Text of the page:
I think you're making the water management aspect into a bigger ordeal than it really is.

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Humm... Tropical Farmer.. that's you on the right....(with your Dad)....

 

http://www.backyardaquaponics.com/forum/viewtopic.php?p=449887#p449887

 

You seem to have a close resemblance to someone else I've seen living in Thailand doing AP.... perhaps another blood relation... :D

post-3396-0-76868900-1425362640_thumb.jp

Edited by RupertofOZ (see edit history)

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Humm... Tropical Farmer.. that's you on the right....(with your Dad)....

 

You seem to have a close resemblance to someone else I've seen living in Thailand doing AP.... perhaps a blood relation... :D

 

That's me about 5 kilos ago! No relation to anyone in Thailand, just a hobbyist guy who likes to ponder AP things but I do know who you are reffering to.

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That's me about 5 kilos ago! No relation to anyone in Thailand, just a hobbyist guy who likes to ponder AP things but I do know who you are reffering to.

 

Lol... so these days.. you're just a shadow of your former self... ;)

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I think you're making the water management aspect into a bigger ordeal than it really is.

 

A big selling point to me personally for AP was the water recirculation and water usage. If I wanted to design a drain to waste system I'd just go hydro probably. I love the concept of seperating the loops but would like to see it done with some water conservation in mind.

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No relation to anyone in Thailand, just a hobbyist guy who likes to ponder AP things but I do know who you are reffering to.

 

Not just an uncanny resemblance... but you seem to have found the same supplier(s)... and encountered the same problems....

 

http://www.backyardaquaponics.com/forum/viewtopic.php?p=458036#p458036

 

Extraordinary... even seem to have the same taste in beer...  :D

Edited by RupertofOZ (see edit history)

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Not just an uncanny resemblance... but you seem to have found the same supplier(s)... and encountered the same problems....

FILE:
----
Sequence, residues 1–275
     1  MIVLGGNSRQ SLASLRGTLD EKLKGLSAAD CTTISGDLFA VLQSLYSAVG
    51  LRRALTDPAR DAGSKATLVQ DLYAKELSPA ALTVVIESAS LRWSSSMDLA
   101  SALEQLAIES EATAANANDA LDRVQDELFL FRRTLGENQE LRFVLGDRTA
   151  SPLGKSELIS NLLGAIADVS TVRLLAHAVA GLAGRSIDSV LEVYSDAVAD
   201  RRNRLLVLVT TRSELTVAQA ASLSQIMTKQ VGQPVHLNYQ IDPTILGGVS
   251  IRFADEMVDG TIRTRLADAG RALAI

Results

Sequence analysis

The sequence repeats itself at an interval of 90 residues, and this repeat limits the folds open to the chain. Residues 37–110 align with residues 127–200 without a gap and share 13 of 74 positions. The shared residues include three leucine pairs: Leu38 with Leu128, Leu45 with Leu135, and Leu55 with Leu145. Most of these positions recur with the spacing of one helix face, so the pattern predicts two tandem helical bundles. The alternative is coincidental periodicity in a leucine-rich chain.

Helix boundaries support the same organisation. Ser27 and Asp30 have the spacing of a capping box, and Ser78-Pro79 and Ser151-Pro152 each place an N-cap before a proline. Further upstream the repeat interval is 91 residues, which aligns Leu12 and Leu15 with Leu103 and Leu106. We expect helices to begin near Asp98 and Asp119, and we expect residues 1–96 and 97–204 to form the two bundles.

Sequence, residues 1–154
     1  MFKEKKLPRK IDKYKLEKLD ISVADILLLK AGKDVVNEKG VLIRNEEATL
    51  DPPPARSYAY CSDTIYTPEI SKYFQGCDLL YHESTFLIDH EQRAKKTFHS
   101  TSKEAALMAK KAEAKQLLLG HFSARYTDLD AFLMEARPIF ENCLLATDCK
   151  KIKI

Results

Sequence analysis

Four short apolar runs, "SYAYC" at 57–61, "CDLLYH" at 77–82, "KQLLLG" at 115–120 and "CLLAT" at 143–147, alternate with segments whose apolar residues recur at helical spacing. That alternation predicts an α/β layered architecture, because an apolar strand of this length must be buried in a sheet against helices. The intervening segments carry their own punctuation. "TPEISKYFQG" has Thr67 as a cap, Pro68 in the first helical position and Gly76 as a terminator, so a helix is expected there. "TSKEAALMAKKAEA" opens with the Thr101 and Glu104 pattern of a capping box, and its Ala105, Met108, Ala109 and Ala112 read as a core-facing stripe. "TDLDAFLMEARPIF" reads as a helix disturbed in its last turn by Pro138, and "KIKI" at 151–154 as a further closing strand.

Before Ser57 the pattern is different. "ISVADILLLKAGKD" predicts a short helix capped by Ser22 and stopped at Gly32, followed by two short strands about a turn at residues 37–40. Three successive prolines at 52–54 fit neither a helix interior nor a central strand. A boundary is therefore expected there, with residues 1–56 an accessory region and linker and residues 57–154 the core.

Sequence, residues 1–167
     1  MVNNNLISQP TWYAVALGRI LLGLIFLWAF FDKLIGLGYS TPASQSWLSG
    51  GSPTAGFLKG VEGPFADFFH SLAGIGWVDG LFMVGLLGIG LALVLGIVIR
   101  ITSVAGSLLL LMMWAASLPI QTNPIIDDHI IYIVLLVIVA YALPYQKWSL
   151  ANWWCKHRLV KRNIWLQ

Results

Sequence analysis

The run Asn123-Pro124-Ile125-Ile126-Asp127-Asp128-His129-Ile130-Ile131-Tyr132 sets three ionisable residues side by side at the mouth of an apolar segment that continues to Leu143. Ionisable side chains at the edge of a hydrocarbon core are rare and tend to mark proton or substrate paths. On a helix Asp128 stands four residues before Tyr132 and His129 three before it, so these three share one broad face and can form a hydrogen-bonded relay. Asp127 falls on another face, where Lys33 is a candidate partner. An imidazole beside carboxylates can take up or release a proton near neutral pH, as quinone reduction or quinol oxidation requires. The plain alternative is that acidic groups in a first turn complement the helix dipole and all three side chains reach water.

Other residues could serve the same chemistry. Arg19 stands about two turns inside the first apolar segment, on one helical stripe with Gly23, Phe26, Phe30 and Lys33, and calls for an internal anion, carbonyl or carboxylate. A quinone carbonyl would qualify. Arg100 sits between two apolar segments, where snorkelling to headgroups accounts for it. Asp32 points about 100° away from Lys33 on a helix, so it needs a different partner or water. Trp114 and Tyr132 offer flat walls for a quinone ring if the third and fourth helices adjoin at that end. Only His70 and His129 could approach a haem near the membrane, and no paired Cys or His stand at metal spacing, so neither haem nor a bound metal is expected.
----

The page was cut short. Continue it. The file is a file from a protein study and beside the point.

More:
Extraordinary... even seem to have the same taste in beer...  :D

 

http://www.backyardaquaponics.com/forum/viewtopic.php?p=458036#p458036

 

We live on planet Thailand. I say planet because although it's just another country it feels like another planet. Sourcing speciallized material is tough, the language barrier makes it hard to explain your needs and there are cultural barriers that on the surface people would write off to a lack of open mindedness among the locals but it's deeper than that.

Expats make up a small % of the population and AP is a micro % of that. So it's pretty natrual to run into the same people in such a micro circle of something like AP in Thailand and why not share where we have found things to be sourced. On that post I was answering a specific question to a fellow AP'er in Thailand.

The only reason I joined this forum today is that other thread was like Fox news, toxic and full of misinformation. There are a lot of smart people here (and some trolls) so thought this could be an informative thread to participate in. I don't know where your trust issues lie but you should stop being so suspicious of everyone. It comes off really annoying which I guess may be your goal in the end.

Edited by Tropical Farmer (see edit history)

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Hi Charles,

 

The entire reason why anaerobic digestate becomes created is due to the fact that anaerobic digestion does NOT "produce much less refractory solids" than aerobic digestion, which is why anaerobic digestate requires to be further broken down aerobically. Think about it...  ;)

 

Don't need to think much about it.  

 

Even in my dotage I can recall much of my wastewater treatment operation training and I'm sure that, if you want to google it, you'll find that anaerobic digestion produces less refractory solids than aerobic digestion.  

 

In fact, one wastewater treatment process has the excess sludge from the activated sludge digester going to an aerobic digester for two reasons……one is to reduce its volume and the other is to assist dewatering.  Dewatering of the sludge is one of the known disadvantages of the activated sludge process.

 

In any case, check out this document - see Table 1 on Page 107…..and then there's this document that says…..."Anaerobic digestion is commonly used to treat sludges in the first areas of a wastewater treatment plant. This process is popular because it is able to stabilize the water with little biomass production."  Then there's this document…..check Table 1 which states that anaerobic digestion produces 1/5 to 1/10 of the sludge of aerobic digestion.

 

Think about it…. ;)

 

Yes, I am quite aware of that...

 

This is why I mentioned the bit about adding worm castings from the vermicompost bed.  :)

 

Adding worm castings to an aerobic digester is nothing like the activated sludge process.  

 

Activated sludge is about continuous recirculating a portion of the old feedstock in the with new feedstock - to accelerate the proliferation of oxidising bacteria.

 

Gary

Edited by Gary Donaldson (see edit history)

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Hi TF,

 

You can call yourself Tropical Farmer (or anything else you want) and you'll be welcome here.  I looked at the blue system you and your dad built - very nice indeed.